Hettie (hettie_lz) wrote,

Это просто обалдеть!

Статья про мальчика с синдромом Дауна, который успешно соревнуется в соревновании бодибиледов!

Те, кто в теме про проблемы с мускулатурой, понимают!

Life hasn’t been easy for Jon Atkins. Born with Down syndrome, he deals with a lot of just-can’t-dos. It took years to learn to count to 10. At 19, he’s able to read 30 or so words. Fine motor skills — buttoning a shirt — remain frustrating.

But Jon is no quitter, and he’s found something he’s pretty good at: bodybuilding. This is remarkable, because Down syndrome typically causes low muscle tone.

Jon comes across as quiet, although his mom, Lisa Dudley, says he talks his head off at home and at school, where he is enrolled in a special program at Princess Anne High in Virginia Beach.

“He’s just shy around strangers,” she says.

Do you like bodybuilding, Jon?

A small smile, a simple “yes,” then he looks away bashfully.

But ask Jon to show his muscles and he’s on his feet, striking pose after strongman pose.

“He was in physical therapy every day until he was 5,” Dudley says. “But he’s pretty built now. It’s helped his self-confidence.”

Earlier this month, Jon headed to Phoebus, Va., to face an audience full of strangers at The Body Sculpting Open. He’d never been on any stage for any reason before.

“He wasn’t too sure about the bathing suit thing,” Dudley says, referring to the tiny “mankini” bodybuilders wear to compete. “Or the leg shaving. There was a tear or two shed over that. Mostly because I was standing over him in the bathroom, pushing him to get it done. They all do it, so he had to do it, too. That’s what I told him.”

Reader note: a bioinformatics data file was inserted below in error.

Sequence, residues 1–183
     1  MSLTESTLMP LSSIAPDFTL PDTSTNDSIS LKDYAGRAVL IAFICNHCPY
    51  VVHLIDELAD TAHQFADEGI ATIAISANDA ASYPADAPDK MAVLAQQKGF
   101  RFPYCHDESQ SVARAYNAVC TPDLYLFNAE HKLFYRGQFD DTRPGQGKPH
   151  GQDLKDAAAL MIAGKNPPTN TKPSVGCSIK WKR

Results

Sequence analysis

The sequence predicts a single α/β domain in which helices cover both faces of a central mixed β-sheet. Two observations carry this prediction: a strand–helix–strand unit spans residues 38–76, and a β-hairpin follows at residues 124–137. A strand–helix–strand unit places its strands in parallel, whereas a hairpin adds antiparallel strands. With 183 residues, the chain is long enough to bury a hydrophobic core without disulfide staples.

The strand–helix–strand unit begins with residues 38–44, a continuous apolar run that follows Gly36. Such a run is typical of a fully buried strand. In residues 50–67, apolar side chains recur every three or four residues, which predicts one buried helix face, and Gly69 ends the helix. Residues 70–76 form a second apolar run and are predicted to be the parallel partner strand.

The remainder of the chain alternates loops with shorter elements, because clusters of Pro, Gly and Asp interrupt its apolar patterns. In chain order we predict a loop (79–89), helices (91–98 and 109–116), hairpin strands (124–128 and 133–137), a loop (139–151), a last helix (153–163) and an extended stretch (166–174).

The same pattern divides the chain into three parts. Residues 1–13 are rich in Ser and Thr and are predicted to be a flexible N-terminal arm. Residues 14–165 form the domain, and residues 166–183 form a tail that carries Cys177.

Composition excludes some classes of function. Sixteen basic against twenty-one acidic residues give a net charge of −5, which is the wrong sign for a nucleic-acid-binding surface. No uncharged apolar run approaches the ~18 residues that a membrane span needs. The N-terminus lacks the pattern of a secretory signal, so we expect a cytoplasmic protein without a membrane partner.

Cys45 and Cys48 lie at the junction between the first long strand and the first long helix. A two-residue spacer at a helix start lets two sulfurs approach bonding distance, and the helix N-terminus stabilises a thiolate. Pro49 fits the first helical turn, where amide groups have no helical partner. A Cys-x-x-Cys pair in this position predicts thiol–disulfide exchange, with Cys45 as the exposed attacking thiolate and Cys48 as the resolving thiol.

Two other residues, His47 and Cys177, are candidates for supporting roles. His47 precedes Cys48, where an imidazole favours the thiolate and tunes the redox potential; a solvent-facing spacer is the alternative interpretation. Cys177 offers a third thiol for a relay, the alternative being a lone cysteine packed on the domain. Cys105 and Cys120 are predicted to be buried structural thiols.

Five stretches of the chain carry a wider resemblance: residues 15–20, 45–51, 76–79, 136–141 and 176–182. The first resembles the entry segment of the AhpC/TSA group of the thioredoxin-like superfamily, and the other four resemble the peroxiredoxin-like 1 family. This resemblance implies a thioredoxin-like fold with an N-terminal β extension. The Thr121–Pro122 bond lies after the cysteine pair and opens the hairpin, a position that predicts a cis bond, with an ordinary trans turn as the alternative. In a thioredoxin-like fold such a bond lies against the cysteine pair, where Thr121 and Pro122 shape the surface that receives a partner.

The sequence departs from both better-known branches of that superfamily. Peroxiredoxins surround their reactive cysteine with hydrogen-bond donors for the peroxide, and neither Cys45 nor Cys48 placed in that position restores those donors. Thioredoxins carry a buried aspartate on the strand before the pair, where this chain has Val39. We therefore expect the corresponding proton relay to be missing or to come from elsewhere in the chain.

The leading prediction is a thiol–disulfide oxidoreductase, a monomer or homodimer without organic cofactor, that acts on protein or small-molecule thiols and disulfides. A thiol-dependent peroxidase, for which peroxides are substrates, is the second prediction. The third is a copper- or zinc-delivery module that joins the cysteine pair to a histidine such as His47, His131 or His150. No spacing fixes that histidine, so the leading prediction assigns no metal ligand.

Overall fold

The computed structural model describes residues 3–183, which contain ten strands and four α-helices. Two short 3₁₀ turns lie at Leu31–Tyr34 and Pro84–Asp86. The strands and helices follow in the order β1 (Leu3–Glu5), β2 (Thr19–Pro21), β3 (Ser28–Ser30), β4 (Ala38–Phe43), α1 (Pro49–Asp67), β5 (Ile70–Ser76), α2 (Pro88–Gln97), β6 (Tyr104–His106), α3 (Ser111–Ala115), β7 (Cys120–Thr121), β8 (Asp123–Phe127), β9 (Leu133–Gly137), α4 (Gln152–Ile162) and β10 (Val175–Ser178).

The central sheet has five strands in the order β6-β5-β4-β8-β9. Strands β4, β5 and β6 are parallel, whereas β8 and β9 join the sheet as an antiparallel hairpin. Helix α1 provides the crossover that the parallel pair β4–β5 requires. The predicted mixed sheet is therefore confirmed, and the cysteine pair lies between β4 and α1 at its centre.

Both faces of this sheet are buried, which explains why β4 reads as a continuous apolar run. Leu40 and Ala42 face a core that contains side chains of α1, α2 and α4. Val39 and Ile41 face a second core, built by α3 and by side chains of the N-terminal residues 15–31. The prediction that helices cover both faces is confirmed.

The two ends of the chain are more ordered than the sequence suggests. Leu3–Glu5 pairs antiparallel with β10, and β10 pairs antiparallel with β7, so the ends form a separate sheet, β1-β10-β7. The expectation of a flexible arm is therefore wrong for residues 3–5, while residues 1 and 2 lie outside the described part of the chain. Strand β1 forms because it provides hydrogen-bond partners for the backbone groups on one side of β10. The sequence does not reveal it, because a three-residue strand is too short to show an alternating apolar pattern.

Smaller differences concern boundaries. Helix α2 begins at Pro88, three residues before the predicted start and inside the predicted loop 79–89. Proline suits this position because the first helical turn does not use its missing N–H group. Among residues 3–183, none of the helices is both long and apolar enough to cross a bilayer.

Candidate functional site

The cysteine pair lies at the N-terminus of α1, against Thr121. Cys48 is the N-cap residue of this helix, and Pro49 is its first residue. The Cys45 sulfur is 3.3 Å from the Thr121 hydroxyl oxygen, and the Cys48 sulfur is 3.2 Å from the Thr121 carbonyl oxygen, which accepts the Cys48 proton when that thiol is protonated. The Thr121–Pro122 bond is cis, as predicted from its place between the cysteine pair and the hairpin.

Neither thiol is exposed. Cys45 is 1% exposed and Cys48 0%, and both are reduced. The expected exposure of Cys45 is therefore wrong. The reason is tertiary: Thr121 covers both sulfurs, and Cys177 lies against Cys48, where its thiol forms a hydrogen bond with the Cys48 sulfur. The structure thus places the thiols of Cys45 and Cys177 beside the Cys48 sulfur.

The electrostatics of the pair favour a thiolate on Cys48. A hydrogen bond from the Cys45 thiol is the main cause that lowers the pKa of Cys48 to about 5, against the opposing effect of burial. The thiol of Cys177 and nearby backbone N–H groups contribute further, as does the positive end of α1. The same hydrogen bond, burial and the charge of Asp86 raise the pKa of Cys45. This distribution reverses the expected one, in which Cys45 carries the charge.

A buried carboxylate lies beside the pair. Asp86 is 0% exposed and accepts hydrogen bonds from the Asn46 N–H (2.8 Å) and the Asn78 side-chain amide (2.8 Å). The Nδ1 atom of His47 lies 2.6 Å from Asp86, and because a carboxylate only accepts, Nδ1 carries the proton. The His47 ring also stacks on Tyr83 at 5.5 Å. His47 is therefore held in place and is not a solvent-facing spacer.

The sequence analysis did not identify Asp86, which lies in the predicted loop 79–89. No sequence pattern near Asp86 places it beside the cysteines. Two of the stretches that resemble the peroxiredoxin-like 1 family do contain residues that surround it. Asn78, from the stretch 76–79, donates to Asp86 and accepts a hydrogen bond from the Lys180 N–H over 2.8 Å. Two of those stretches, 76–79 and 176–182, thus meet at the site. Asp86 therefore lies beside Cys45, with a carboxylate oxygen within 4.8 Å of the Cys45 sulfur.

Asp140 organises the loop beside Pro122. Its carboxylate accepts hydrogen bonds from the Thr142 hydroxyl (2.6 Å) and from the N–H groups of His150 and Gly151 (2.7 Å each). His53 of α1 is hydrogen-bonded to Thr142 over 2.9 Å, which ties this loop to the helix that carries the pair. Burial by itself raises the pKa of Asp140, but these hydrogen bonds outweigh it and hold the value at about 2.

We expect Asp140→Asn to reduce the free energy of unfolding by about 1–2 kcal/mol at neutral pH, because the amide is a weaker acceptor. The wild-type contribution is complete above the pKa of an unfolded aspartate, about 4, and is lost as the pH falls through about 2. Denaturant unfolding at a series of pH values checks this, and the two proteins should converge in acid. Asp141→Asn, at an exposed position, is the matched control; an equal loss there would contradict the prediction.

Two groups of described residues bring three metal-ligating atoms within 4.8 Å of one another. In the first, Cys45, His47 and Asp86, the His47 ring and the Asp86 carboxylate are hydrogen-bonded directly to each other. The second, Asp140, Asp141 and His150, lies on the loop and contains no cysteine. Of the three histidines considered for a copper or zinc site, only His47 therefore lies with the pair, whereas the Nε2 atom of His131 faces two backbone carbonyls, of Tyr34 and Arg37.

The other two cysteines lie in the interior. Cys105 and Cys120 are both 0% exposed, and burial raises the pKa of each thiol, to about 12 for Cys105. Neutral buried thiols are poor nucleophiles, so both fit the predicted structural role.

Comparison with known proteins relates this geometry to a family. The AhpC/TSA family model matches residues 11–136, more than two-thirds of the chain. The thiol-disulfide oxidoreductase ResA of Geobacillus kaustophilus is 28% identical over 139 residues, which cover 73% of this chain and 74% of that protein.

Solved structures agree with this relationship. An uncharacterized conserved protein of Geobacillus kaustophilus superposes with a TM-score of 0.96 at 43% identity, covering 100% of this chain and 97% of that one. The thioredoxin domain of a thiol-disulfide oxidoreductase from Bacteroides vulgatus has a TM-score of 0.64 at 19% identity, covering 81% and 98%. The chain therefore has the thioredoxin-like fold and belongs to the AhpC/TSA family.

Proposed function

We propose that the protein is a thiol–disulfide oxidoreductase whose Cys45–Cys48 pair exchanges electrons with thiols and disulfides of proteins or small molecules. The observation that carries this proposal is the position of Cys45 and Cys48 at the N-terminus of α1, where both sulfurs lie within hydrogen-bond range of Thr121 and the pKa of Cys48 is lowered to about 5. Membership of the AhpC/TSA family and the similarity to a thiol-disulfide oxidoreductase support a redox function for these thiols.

This all started a few years back. “Every time my husband would go into his room to lift weights, Jon would watch him,” Dudley says. “So we bought him his own set, and he just started doing it after school and before bed.”

Dudley makes her living working with adults with intellectual disabilities. “I had Jon when I was 18, and he’s taught me more than I could ever teach him. About what’s important in life. Like letting the little things go. And having patience. It’s not about how quick you can do something, but that you can get it done. He stays at it. And I could tell this was something he was really interested in.”

A year ago, Dudley signed Jon up for once-a-week sessions with a trainer, Joe Hartfelder, who operates a program called Straight Edge Fitness, out of Houze of Champions gym near Lynnhaven Mall. Hartfelder has another client with Down syndrome.

“As we got trucking along, I could just see how much Jon loved it,” Hartfelder says. “His communication skills are somewhat limited, bu
t if he sees me doing something, he’ll pop right on it and do it.”

When asked if he wanted to enter the Phoebus competition, Jon was all in. Participants come from all over — amateurs vying for a trophy that will launch them to professional status.

The show flies the OCB banner — Organized Competitive Bodies — which insiders know means all natural. Competitors are questioned under polygraph about drug use. Winners submit to urinalysis.

“I didn’t make Jon take the polygraph,” says Kevin Parrott, the show’s promoter. “I didn’t think that was necessary.”

Besides, Jon wasn’t competing for a pro card. He was in a “challenged” division Parrott created this year: “When Jon is onstage, I’ve given his trainer special approval to be down in front, hitting the poses so Jon can mimic him – just in case he gets confused.”

It wasn’t necessary. When his turn came, Jon — a No. 32 pinned to his mankini — took a deep breath, strolled into the spotlights and gave the judges every pose they asked for. The crowd roared during his one-minute routine.

Jon wound up taking second — losing to another challenged competitor, a bodybuilder with cerebral palsy, with three shows under his belt.

It didn’t seem to matter to Jon.

Applause? A silver trophy?

Big smile now.

Tags: people with disabilities
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